Information Model – SOA in a Business Perspective

Published in January 2007

This Information Model is describing the important entities needed to define SOA in a Business Perspective. It is based on the structure in the Zachman Framework and the interrogative WHY, HOW,
WHAT and WHO. The interrogatives are rearranged in this order to be presented to the business people on various levels.

The description is presented step by step to make the understanding easier. Most descriptions of the SOA Concept are made from an IT perspective and are usually difficult to understand for business

This description is based on the assumption that you are familiar with data modeling and understand what a business process and an information entity is.

1. Service Components

A Service Component includes a specific amount of functionality that can be reached by a number of well defined Service Interfaces. In the IT environment these
interfaces are normally called Service Contracts.

The Service Component and the Service Interface are the main entities in the SOA Concept. It is wise to specify them and not just call them Service or Interface. Service means a number of different
things; it may be the result of a Business Process that is delivered to a customer or it may be perceived as a Web Service, when sending a message.

2. Entity and Entity Group

The Service Component should be defined related to a number of business Entities. This is a very important statement! If you only base your Service
Components related to your Business Processes you will loose control. Which means you will have the same data handled in many Service Components resulting in bad Data Quality. You will also destroy
the opportunity for reuse of Service Components in your business.

This statement also means that the Enterprise Architect should be responsible for defining the Service Components in the business based on the Enterprise Architecture.

All entities related to one Service Component are collected into one Entity Group. The Entity Group is sometimes named Subject Area or even Domain. The latter may be misunderstood since it usually
stand for something else and not just a group of entities. Notice that an Entity may only belong to one Entity Group.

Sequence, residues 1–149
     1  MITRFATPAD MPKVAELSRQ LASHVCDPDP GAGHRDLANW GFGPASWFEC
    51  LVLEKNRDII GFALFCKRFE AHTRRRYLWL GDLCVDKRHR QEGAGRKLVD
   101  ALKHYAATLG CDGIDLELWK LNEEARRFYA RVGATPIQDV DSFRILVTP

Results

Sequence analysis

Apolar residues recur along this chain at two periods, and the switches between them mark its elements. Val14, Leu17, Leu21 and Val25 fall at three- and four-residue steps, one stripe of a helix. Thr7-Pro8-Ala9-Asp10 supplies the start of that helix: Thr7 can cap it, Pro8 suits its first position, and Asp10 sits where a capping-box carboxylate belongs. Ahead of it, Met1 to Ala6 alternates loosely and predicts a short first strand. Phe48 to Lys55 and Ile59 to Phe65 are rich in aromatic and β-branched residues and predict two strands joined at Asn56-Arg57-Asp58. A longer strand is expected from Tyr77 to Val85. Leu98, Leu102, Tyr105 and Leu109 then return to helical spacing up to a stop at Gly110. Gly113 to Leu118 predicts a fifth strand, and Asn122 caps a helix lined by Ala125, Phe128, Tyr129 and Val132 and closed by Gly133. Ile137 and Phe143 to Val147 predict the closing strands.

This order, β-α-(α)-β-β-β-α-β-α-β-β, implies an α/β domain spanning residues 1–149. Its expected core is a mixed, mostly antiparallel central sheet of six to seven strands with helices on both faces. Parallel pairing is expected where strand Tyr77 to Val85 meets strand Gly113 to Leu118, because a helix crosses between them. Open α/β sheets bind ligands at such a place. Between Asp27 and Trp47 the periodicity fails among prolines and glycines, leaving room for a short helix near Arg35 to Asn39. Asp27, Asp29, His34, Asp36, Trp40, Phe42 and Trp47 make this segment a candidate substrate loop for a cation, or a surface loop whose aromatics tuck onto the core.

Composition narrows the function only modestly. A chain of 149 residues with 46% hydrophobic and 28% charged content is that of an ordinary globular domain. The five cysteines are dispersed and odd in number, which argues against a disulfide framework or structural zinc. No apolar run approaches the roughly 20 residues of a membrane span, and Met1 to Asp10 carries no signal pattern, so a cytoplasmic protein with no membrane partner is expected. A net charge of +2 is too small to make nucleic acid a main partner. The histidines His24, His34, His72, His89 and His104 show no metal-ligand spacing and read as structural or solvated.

3. Business Process and Process Activity

The SOA Concept will facilitate the change in focus from standard Business Processes to strategic Business Processes. The standard Processes should be handled in ERP systems or be
outsourced to a partner that has them as their strategic processes.

The SOA Concept will also allow the Business Process to orchestrate (adjust) its Process Activities for a specific customer or product. This agility is one of the main driving
forces behind SOA and is based on the” loosely coupled” Service Components. That the Service Component is”Loosely coupled” means that it is independent of its technical platform and is reached
through a well defined Service Interface.

A Process Activity is related to a specific Service Interface (not just a Service Component). One Service Interface may be reused and supporting many Business Activities in different Business
Processes. This relationship is created in the Requirement Specification process. If the Service Interface already exist this is easy. If the Service Component already exists, a new Service
Interface has to be created.

4. Business Vision and Business Rules

The Business Processes should be related to the Business Vision and they should be divided into strategic and standard processes. The strategic Process should be prioritized giving
the Enterprise Architect the basis in which order to develop and implement the Service Components.

The handling and management of Business Rules are a very important part of the SOA Concept. Normally the Business Rules are just hidden somewhere in the legacy systems. Which means
they can not be managed and changed easily.

Now the Business Rules have to be defined and checked against the Business Vision. A Business Rule must be related to one or maybe several entities. In that way they are always related to a
specific Service Component, but there may also be a need to relate a Business Rule to a specific Service Interface.

5. Service Level Agreement (SLA)

The best Service Component implementation may easily be destroyed through a bad operation by the Service Provider. Therefore the creation and the management of a Service
Level Agreement
are of outmost importance. The SLA is agreed between the Service Provider and the Process Owner. If one Service Interface is used by many Process Owners
there must be a specific SLA for each Process Owner.


Of course there are many more detailed entities to be defined and described when implementing a SOA Concept in your business. This description describes the most important entities on the business
side. The same thing should be described for the IT side. That will also result in more relationships between the Business and the IT making a true traceability and a long-term agility possible.

A long-term agility must be based on a stable information model describing the SOA Concept both in a Business Perspective and an IT perspective.

© Information Resource Management

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Eskil Swende

Eskil Swende

Eskil is main partner at IRMÊ, a Scandinavian consulting company focusing on Enterprise Architecture and the Innovation Process. He is also a partner at IRM UK, a strategic education company in London that provides seminars and arranges yearly conferences on EA, IA, MDM and BPM. Eskil is President of DAMA Chapter Scandinavia and has developed a global wisdom network of leading experts inside and outside DAMA, inviting them to give presentations and tutorials in Scandinavia. He can be reached at

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